NEW YORK (AP) — Former New York Mayor Michael Bloomberg announced he will spend $50 million this year on new group that will mix campaign contributions with field operations aimed at pulling gun-control supporters to the polls in the November midterm elections and beyond.

His new organization, Everytown for Gun Safety, plans to mobilize voters to back candidates and ballot measures supporting such causes as enhancing background checks for gun buyers, according to a news release. It will focus particularly on women voters, especially mothers.

"This new organization will bring more people into the fight against gun violence, which affects every town in America," Bloomberg said in a statement Wednesday.

Everytown aims to sign up one million new supporters this year, said the group's president, John Feinblatt.

America's most powerful pro-gun lobby group, the National Rifle Association, said it would respond to the announcement at its annual meeting next week in Indianapolis.

Gun control is a fiercely divisive issue in the United States, where the right to bear arms is enshrined in the Constitution, alongside such basic rights as free speech and freedom of religion.

President Barack Obama's plan for broader background checks for gun purchases, along with proposals for a ban on military-style assault rifles and limits on ammunition capacity, failed last year in Congress.

Pro-gun control politicians and activists had hoped the time was right for such measures in the wake of the massacre of 20 children and six educators at an elementary school in Newtown, Connecticut.

But most Republicans lawmakers, and many Democrats from states with strong pro-gun sentiments, remain opposed to stricter firearms laws.

"Twelve months later, Congress still hasn't done anything," Feinblatt said.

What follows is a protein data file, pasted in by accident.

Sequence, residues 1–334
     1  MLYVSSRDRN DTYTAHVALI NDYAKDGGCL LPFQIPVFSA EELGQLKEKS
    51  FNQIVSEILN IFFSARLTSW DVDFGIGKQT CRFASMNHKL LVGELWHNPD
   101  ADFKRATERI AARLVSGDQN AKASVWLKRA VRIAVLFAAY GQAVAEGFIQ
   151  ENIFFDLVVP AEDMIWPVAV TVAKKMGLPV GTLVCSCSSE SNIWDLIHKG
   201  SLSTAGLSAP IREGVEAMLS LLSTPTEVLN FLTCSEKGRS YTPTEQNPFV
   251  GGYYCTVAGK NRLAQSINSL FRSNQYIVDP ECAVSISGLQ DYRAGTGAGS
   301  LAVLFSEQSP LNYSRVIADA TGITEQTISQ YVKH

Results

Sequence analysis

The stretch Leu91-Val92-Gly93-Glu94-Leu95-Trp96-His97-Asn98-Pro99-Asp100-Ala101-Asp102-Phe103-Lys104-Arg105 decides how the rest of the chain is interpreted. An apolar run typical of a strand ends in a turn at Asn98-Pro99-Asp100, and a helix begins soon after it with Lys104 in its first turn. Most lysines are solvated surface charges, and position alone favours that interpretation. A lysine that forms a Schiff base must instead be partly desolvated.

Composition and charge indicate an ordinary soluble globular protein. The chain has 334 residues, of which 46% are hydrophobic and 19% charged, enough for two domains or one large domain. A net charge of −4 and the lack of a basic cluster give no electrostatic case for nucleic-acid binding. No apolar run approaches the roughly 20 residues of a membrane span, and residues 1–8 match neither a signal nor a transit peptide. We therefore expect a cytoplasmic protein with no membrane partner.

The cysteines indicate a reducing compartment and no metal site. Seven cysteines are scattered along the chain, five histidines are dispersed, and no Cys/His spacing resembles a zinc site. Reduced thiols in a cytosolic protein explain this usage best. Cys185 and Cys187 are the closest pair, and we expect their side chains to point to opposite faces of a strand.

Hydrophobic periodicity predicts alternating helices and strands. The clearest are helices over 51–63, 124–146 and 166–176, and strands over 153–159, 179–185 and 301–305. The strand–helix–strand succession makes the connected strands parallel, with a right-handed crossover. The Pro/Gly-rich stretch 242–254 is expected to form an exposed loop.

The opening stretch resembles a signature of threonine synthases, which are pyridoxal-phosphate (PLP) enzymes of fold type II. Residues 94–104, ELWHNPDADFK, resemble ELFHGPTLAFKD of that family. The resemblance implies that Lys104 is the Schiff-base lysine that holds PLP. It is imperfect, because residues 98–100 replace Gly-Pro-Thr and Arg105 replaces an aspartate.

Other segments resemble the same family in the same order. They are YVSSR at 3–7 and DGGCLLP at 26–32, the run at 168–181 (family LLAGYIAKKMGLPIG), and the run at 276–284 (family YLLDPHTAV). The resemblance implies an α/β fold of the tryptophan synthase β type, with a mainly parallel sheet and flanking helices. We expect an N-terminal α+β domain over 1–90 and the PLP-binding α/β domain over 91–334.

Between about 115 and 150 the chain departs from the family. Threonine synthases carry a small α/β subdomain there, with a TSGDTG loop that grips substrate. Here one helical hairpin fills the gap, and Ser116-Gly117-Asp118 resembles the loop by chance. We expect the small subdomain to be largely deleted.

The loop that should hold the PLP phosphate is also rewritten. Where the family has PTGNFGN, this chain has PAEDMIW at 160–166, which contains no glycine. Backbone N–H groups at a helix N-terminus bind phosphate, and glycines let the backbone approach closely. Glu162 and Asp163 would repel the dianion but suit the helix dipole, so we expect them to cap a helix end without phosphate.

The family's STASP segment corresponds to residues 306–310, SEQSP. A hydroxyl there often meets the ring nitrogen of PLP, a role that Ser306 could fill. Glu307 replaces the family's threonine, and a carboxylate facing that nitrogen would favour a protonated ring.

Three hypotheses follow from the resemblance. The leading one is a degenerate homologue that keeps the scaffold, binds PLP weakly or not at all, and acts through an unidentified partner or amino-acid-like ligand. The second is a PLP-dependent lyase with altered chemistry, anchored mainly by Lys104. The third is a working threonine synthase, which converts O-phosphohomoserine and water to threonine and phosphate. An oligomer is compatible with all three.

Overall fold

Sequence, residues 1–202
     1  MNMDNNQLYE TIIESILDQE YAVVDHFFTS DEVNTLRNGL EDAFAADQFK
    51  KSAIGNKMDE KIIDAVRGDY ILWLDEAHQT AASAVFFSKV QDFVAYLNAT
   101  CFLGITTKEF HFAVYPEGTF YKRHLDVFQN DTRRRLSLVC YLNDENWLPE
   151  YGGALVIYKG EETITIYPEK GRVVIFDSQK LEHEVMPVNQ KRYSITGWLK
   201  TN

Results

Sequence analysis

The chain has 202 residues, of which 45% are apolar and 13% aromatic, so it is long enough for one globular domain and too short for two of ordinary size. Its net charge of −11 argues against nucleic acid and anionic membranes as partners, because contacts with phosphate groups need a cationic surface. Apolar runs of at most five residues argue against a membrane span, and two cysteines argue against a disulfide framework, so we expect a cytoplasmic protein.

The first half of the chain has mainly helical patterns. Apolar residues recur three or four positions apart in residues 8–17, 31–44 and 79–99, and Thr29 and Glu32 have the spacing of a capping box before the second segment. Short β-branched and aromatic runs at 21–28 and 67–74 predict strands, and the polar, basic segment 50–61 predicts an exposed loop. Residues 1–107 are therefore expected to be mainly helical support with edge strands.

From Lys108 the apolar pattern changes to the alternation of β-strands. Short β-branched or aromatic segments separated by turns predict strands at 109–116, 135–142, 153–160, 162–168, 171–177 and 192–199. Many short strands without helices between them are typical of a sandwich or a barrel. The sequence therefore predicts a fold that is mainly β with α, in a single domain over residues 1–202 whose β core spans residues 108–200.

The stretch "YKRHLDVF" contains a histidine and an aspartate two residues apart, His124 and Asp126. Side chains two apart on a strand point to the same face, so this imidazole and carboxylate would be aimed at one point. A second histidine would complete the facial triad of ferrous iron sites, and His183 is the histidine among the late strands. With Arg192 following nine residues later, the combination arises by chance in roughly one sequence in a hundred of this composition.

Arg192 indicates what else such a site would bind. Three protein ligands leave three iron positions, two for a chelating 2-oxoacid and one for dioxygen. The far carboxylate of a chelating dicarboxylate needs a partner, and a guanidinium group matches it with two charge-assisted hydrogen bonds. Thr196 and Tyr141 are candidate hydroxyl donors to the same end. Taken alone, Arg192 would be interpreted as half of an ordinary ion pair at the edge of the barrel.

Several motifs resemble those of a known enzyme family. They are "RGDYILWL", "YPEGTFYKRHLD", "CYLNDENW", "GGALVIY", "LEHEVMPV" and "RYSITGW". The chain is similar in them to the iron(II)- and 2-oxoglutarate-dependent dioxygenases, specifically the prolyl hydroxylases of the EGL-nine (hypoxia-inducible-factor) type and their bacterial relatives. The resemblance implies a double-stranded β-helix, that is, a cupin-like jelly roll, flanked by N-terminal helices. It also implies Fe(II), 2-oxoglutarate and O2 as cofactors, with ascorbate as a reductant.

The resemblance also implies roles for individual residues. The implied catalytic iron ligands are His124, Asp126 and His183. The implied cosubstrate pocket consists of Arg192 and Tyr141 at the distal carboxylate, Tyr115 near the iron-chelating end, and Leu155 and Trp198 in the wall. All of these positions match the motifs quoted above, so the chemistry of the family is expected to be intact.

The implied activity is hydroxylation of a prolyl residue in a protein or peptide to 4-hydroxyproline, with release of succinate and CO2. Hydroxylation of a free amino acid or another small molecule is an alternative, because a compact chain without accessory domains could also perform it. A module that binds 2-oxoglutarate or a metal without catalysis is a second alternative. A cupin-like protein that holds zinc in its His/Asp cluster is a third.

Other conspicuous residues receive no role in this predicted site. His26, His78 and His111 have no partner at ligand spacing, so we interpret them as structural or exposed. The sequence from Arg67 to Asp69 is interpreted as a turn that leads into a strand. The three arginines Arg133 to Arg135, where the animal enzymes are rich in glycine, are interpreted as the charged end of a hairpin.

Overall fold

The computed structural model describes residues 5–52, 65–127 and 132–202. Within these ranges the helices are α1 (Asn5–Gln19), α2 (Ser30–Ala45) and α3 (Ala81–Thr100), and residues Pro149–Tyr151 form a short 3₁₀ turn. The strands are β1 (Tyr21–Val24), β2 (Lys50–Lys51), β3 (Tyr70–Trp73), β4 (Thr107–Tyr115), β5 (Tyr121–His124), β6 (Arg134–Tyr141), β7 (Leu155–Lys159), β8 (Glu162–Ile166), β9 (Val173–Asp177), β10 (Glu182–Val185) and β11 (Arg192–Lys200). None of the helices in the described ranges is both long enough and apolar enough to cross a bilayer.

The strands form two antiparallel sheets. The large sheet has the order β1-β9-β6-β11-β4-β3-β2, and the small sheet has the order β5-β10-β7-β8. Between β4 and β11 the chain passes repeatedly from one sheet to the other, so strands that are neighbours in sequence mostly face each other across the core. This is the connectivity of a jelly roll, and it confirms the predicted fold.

An Associated Press-GfK poll in December found 52 percent of Americans favored stricter gun laws, 31 percent wanted them left as they are and 15 percent said they should be loosened.

Bloomberg, whose last term as New York City mayor ended in January, said gun control advocates need to learn from the tactics of the NRA and punish politicians who fail to support their agenda, including Democrats. The group also plans to issue candidate questionnaires and scorecards.

Bloomberg has used a combination of his wealth and his stature as the 12-year mayor of the nation's biggest city to become one of the country's most formidable gun control activist. He made nearly $14 million in federal campaign contributions for gun-control candidates in the 2012 elections.

Events kicking off Everytown's creation were scheduled in towns across the United States, including Tucson, Arizona, and Denver, Colorado, the sites of high-profile shootings in recent years.

"Moms need to know that when they drop their kids off at school, they're learning math and science, not how to duck and cover from gunfire," Shannon Watts, who founded the pro-gun control group Moms Demand Action a day after the Newtown shooting, said in a statement. She later told reporters: "Before this, the voice of moms was completely missing from this debate."

Watts, who also is a member of Everytown's advisory board, said the organization also would push for a wide variety of laws.

"This isn't just about background checks. We're also looking at things like domestic violence and laws that keeps guns out of the hands of domestic abusers," she said. "We're going to look at laws to keep guns out of the hands of children, and how to store them safely."

Bloomberg said his new group's strategy will focus on expanding the background check system for gun buyers at the state and national levels. The group will look closely at 15 states, including Texas and others where gun control initiatives have advanced.

During his time as mayor, Bloomberg's administration set up gun-buying stings in other states to highlight what it said were illegal sales. He and former Boston Mayor Thomas Menino founded Mayors Against Illegal Guns, which spread its message through such means as a $12 million ad campaign last year; the group is now part of Everytown for Gun Safety.

Bloomberg was sometimes criticized for butting into other people's politics, and gun-rights groups have portrayed him as overreaching and out of touch with the views of millions of gun owners.

On hearing of Bloomberg's new initiative, Larry Pratt, executive director of Gun Owners of America, told the Times: "He's got the money to waste. So I guess he's free to do so."

Pratt didn't immediately return a call Wednesday.


Associated Press writer Maria Sanminiatelli contributed to this story.